Since Sally Collura opened The Tea Leaf at 487 Moody St. in November 2005, she has enjoyed greeting customers, making friends and coped with the challenges of owning small business. Now, take a few minutes to meet her.
Why did you your store open in Waltham instead of another town: “People would ask me if Waltham would support a tea room. There’s walk-by traffic, drive-by traffic and your storefront has to be noticeable. With the business of tea, people will drive up to one-hour to get here,” Collura said.
She continued: “I find this is a wonderful location because it’s close to Route 128 and Route 20. I have Waltham residents who like tea. There are local people who are regulars who come here. I got a call from a retired attorney in Florida to have a bridal shower for his future daughter-in-law. The students from Brandeis and Bentley come here as well."
Why did you choose to open this type of business?: “I would always have tea, and I would just unwind with some tea at the end of the day. I would take my mom to tearooms, and I just loved the environment. That’s what got me to really appreciate tea. Historically, it’s such an amazing story. The history of the Revolutionary War, the Boston Tea Party and tea was an imported good. The tax on tea was the highest tax we were charged. All of that fascinated me. The more I learned and more classes I took kept taking me towards this business.”
What is your average work day like?: “I take inventory of what I need, place orders, rearrange products in the shop, go through catalogs. I go through a lot of tea catalogs. Going through all of the tea and checking the expiration date. The shelf life of tea can last three to four years if stored properly. If the expiration date has passed, I take it off the shelf and put it in a bin where customers can buy it for a discounted price. Cleaning, daily food preparation, making sure I have all of the food products, ordering things … all of that is the day-to-day routine of the business. And tasting tea…I get different samples.”
What are the challenges of running a business?: “Obviously, in this economy, just managing money. I make sure, being a tearoom, that tea is well-stocked. Maintaining a good business sense, running a small business and doing it all yourself [are challenges]. Making wise business decisions, but also keeping up with the trends, and staying on top of business is a challenge, too. That way you can educate your customers and it’s a whole education in itself.”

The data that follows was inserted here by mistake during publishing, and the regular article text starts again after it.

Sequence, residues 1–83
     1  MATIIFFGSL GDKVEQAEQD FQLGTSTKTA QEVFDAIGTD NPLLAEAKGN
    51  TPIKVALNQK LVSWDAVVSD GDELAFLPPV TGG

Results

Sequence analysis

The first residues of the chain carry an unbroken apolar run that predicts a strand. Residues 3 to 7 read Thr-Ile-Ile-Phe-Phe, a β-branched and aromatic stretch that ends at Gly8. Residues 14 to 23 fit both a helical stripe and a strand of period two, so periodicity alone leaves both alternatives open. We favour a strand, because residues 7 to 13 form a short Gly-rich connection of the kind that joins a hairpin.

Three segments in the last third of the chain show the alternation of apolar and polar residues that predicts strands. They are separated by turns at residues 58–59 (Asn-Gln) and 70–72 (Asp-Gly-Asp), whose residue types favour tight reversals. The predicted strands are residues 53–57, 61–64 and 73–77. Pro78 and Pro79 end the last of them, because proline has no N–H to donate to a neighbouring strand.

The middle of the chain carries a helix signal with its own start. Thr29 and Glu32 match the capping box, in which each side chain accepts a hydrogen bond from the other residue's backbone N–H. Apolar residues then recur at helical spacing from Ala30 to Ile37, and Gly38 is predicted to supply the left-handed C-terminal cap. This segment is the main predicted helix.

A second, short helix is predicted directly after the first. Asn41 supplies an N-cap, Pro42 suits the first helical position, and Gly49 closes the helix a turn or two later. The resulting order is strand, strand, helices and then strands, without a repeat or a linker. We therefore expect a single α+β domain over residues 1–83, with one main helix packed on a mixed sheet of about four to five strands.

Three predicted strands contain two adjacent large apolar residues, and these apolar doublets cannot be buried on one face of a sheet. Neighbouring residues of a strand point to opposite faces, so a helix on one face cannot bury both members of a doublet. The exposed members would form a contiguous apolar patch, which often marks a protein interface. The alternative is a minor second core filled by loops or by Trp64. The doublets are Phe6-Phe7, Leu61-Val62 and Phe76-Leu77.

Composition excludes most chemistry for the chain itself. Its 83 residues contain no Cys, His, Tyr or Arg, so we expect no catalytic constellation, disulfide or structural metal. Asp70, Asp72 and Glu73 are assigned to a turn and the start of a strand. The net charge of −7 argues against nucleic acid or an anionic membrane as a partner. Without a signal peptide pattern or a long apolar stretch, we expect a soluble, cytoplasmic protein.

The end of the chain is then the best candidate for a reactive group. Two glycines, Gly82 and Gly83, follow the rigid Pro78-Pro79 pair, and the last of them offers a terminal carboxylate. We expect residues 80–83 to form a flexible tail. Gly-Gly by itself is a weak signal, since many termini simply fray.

What is your favorite part of running a business?: “People. People. In this business, I have met so many fantastic people who came in the front door as customers, and I consider them friends. I’m so fortunate to have met such fantastic people in this business. That’s just a bonus. The people are the plus.”
What is the worst part of running a business?: “Trying to be someone who runs a business alone [is challenging]. Doing it all is a little daunting sometimes, but it’s still fun. You have to like what you do. You have to be passionate to have a purpose to get up in the morning.”
Do you have plans to expand?: “As far as expanding the store physically, it isn’t doable in this economy. Would I have liked to? Absolutely. What I do want to expand on is the store on my website. That’s so important."
How many people do you employ?: “Right now, I am (the only employee), because of the economy. I employed a full-time person and a part-time person at one time. Now, until we recover from the economy, I’m here day-to-day. I’m fortunate to have a couple of nieces’ to help with bigger reservations. They know the business. I couldn’t do Mother’s Day weekend alone.”
Would you say your business has been successful?: “The economy has still not recovered completely. I’m still not doing business like I was three years ago. You still have to watch what you do. I would say it’s successful, when you open a customers’ “Thank You” card. Knowing how much people appreciate it and come back is rewarding. A very successful person in the tea business, Bruce Richardson, said, ‘Nobody ever gets rich in the tea business, but you do get rich in the rewards of business.’”